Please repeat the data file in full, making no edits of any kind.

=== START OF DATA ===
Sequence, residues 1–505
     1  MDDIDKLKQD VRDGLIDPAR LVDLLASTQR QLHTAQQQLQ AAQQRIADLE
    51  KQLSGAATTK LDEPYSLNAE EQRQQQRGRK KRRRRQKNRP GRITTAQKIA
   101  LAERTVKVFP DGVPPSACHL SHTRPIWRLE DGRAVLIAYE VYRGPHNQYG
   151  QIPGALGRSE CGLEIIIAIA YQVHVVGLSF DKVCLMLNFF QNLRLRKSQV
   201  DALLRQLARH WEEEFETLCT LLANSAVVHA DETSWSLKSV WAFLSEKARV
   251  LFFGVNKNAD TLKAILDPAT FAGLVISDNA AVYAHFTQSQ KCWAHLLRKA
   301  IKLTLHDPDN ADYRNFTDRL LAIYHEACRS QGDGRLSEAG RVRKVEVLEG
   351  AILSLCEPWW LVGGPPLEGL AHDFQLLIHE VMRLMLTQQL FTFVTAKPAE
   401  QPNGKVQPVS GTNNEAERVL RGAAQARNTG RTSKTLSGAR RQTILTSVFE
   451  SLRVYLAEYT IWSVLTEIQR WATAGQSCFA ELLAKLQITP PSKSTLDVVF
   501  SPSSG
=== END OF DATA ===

Sequence, residues 1–505
     1  MDDIDKLKQD VRDGLIDPAR LVDLLASTQR QLHTAQQQLQ AAQQRIADLE
    51  KQLSGAATTK LDEPYSLNAE EQRQQQRGRK KRRRRQKNRP GRITTAQKIA
   101  LAERTVKVFP DGVPPSACHL SHTRPIWRLE DGRAVLIAYE VYRGPHNQYG
   151  QIPGALGRSE CGLEIIIAIA YQVHVVGLSF DKVCLMLNFF QNLRLRKSQV
   201  DALLRQLARH WEEEFETLCT LLANSAVVHA DETSWSLKSV WAFLSEKARV
   251  LFFGVNKNAD TLKAILDPAT FAGLVISDNA AVYAHFTQSQ KCWAHLLRKA
   301  IKLTLHDPDN ADYRNFTDRL LAIYHEACRS QGDGRLSEAG RVRKVEVLEG
   351  AILSLCEPWW LVGGPPLEGL AHDFQLLIHE VMRLMLTQQL FTFVTAKPAE
   401  QPNGKVQPVS GTNNEAERVL RGAAQARNTG RTSKTLSGAR RQTILTSVFE
   451  SLRVYLAEYT IWSVLTEIQR WATAGQSCFA ELLAKLQITP PSKSTLDVVF
   501  SPSSG